congestion did not depend on the value of percentage change
in airway (Δ). Higher Δ observed after the second provocation
did not influence the mean time to occurrence of maximum
congestion. So far there have been no data proving that time to
maximum congestion could be dependent on allergen dose.
The time to occurrence of maximum congestion is most prob-
ably not an constant subject-dependent feature, since it dif-
fered in consecutive provocations in the same patient in our
Larivée et al. evaluated the reproducibility of bilateral NPT
with histamine and saline phosphate using AR measurements
every 5 minutes before and after the provocation. The compar-
ison of the congestive response of the rhinitic subjects revealed
that their responses were more dynamic and not steady, com-
pared with those of the normal subjects. In our study group
similar inconsistent patterns of congestive response were
design, Jin et al. observed marked, statistically significant
shortening in period of the nasal cycle after the provocation
(10). In an allergen provocation study with similar
All these data suggest the activation of a reflex mechanism and
a modification of the nasal cycle besides non-vascular swelling
of the tissue during the NPT. There is evidence that unilateral
provocation induces contralateral increase of the mediators’
concentration, influences the nasal patency, blood flow and
maximum congestion is variable.
(12-14). This may explain why time of occurrence of
Inter- and intra-individual differences in congestive response
dynamics is the most likely reason for the unsatisfactory sensi-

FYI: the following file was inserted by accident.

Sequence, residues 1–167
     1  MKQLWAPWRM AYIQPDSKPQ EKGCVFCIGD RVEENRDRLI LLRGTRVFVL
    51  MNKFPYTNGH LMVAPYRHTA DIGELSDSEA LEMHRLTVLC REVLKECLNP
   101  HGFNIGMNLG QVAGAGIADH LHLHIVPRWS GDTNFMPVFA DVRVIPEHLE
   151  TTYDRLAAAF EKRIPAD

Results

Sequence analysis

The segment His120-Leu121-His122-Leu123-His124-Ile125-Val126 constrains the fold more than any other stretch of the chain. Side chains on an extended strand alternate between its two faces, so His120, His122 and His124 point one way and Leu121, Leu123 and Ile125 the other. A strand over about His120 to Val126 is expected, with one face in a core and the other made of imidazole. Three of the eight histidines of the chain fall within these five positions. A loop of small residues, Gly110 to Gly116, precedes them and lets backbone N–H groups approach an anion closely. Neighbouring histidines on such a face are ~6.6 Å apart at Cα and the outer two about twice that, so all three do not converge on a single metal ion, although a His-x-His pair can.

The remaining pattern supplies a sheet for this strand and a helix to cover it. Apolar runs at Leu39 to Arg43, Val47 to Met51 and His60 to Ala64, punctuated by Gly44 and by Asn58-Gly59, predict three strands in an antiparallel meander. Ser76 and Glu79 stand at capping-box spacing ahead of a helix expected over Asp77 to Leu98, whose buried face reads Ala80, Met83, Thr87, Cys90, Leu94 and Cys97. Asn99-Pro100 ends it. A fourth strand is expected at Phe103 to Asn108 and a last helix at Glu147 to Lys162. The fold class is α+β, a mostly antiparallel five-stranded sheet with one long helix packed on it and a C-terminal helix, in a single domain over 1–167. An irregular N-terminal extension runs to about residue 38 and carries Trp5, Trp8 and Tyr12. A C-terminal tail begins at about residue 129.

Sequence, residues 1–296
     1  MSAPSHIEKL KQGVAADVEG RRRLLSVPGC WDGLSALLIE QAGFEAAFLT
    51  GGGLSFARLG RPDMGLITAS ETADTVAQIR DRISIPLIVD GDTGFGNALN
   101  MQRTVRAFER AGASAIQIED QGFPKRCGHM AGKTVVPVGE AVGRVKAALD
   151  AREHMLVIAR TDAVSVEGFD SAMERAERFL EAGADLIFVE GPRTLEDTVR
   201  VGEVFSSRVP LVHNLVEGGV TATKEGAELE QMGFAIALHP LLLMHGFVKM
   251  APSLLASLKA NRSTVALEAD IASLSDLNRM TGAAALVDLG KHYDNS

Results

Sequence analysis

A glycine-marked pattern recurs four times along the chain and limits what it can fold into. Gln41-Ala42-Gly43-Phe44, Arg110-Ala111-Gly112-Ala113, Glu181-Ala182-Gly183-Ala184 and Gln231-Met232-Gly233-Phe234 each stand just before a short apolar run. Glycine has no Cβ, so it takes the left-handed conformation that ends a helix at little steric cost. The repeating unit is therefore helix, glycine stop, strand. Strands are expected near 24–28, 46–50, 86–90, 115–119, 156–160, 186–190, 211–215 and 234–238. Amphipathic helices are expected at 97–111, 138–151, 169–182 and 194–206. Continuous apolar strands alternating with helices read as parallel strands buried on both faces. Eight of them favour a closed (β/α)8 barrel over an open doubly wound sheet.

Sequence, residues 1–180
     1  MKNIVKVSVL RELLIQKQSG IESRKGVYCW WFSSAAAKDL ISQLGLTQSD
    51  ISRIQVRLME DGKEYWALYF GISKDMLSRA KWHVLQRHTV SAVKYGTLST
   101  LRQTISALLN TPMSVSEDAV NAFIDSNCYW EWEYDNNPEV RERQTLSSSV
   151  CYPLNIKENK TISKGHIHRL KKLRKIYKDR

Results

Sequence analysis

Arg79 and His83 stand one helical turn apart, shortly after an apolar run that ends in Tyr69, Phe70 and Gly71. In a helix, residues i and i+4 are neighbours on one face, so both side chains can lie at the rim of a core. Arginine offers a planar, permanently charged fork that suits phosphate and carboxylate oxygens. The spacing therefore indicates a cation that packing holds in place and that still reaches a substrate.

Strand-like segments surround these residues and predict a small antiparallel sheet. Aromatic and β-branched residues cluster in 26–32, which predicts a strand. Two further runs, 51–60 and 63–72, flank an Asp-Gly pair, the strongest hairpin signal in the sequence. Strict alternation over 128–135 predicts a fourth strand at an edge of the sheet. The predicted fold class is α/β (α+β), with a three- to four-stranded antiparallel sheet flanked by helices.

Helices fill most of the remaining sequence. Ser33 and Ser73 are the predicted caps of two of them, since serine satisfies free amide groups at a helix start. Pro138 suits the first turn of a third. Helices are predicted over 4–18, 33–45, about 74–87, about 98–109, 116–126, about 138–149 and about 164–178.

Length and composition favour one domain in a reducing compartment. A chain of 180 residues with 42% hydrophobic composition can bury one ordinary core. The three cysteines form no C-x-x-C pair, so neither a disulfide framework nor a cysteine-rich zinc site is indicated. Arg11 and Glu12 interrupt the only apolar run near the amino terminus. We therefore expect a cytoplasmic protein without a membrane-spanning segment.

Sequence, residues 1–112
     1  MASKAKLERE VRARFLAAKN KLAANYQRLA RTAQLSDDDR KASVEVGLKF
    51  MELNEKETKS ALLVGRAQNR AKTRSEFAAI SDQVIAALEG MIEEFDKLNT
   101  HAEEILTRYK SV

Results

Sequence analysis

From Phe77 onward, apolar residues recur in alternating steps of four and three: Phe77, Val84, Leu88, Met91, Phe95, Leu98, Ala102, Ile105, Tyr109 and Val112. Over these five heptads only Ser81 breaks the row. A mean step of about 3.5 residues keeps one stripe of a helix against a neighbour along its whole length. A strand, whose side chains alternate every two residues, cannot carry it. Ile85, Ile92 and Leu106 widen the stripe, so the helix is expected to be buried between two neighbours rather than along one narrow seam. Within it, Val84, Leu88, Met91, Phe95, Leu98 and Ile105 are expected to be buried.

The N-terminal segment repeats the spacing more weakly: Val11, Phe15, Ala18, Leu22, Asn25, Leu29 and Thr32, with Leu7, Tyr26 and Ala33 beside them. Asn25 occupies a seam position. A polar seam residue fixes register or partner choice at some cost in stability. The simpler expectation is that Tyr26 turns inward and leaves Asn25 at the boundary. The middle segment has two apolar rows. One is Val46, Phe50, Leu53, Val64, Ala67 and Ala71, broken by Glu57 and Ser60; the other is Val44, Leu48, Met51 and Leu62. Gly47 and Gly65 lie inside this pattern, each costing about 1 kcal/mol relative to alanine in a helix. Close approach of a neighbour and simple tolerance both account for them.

tivity and specificity of the NPT assessed with a single measure-
ment of the nasal patency and discrepancies between subjective
and objective patient evaluation.
It seems that the optimum period of observation to record maxi-
mum congestion is 30 minutes after allergen application. Results
of previous studies suggest that congestion during the early
phase reaction subsides in most subjects 35 to 60 minutes fol-
lowing allergen application
tion is less pronounced, and observed in only some of patients
(15). In our study group the delayed maximum congestion at 30
minutes was observed in 4 out of 52 provocations only.
Maximum congestion assessment would most probably enable
reduction of the allergen dose in NPT protocols with increas-
ing concentrations of allergen.
(10,11,15). During the late phase conges-
Consecutive recordings of nasal patency over 30 minutes after
allergen application allow evaluation of the maximum conges-
tion, which gives more precise data on congestive response to
nasal challenge compared to a single measurement.
Figure 3. Variability (vertical axis) of assessments at the maximum
congestion and at 10, 15 and 20 minutes.
Gotlib et al. Download full-text
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Tomasz Gotlib MD PhD
Department of Otolaryngology
Medical University of Warsaw
Tel. +48-(22)-599 2509
Fax. +48-(22)-599 2041